Waterfowl Layout Blinds


Waterfowl Layout Blinds

When I was a kid back in Southeast Missouri, my dad was a big time duck hunter. When he came from the Big War he and three other partners bought 20 acres each in a block of woods called Ten Mile Pond. That property is now owned by the State of Missouri and has been turned into a prime waterfowl hunting sanctuary open to the public.

Dad and his buddies would spend months ahead of the duck season building blind huts on the “Pond.” They actually used dynamite to blow out big pot holes that would later collect water to attract the ducks. They would plant sorghum milo all around the rims of the dynamite holes to attract the ducks.

Blinds back then and even today were basically small houses with plenty of amenities including benches, pop out windows, heaters, small cooking stoves, and other features to make them as comfortable as possible. Hunters could motor out to the blinds in boats and store them under the blinds.

Waterfowl blinds come in all kinds of homemade modes and even some quite expensive and elaborate commercial blinds are available. Some of these stand on top of earthen dikes, sit down into the water, or even below it in sunken affairs. Other hunters just drive metal posts into the mud, form chicken wire around them, and cover it up with camo fabric or natural cover of all kinds.

Recently, I was walking through our local Bass Pro Shops store and stopped suddenly to study a new type of duck hunting blind I had never seen before. Sold under the BPS name this waterfowl blind is basically a metal tubing frame with the main features already built it. All the hunters have to do is place it, then finish it out as they wish.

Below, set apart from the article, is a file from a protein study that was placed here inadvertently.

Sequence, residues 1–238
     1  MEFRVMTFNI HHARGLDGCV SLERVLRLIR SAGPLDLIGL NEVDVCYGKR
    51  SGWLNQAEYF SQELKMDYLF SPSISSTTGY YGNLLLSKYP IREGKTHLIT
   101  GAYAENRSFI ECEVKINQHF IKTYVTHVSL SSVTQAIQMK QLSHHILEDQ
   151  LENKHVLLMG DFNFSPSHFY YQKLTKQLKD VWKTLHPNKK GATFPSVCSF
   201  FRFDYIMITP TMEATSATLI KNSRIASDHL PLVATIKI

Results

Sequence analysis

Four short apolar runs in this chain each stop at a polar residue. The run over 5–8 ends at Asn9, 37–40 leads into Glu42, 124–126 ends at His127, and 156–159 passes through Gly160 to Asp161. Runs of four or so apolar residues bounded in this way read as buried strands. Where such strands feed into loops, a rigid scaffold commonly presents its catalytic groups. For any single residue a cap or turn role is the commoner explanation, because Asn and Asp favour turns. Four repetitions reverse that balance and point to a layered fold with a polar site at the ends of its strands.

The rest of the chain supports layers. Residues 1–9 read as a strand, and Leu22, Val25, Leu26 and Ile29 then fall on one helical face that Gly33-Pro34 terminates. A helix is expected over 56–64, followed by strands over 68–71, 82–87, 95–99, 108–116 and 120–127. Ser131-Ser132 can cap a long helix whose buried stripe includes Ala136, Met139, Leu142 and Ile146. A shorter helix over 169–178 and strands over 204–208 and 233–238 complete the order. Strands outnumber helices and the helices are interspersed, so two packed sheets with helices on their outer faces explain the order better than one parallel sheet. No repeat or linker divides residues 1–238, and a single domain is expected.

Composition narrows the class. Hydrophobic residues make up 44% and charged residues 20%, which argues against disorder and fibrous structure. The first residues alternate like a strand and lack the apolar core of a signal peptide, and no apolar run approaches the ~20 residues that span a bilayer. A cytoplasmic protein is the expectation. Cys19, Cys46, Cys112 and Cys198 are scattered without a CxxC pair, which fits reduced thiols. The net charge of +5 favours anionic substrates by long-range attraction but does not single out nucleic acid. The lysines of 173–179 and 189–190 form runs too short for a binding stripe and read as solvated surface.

The frame includes a rectangular box that has a roof frame over it with a swing out and drop down shooting port that can be covered up with multiple types of camouflage options. The sides of the frame could be covered in plywood. Inside is a frame for a bench seat that can be covered in plywood or planks. The bottom can be sealed, too.

Then the outside of the waterfowl blind can be covered in camo fabric or fixed with wire to hang local brush, cattails, weeds, and other kinds of native cover to blend it right into the habitat. Check these out the next time you visit Bass Pro.

Avatar Author ID 67 - 538106573

Award winning outdoor writer/photographer since 1978. Over 3000 articles and columns published nationally. Field & Stream Hero of Conservation in 2007. Fields of writing includes hunting most game in American, Canada, and Europe, fishing fresh and saltwater, destination travel, product reviews, industry consulting, and conservation issues. Currently VP at largest community college in Mississippi in economic development and workforce training with 40 years of experience in Higher Education. BS-MS in wildlife sciences from MO. University, and then a PhD in Industrial Psychology. Married with two children and Molly the Schnoodle.

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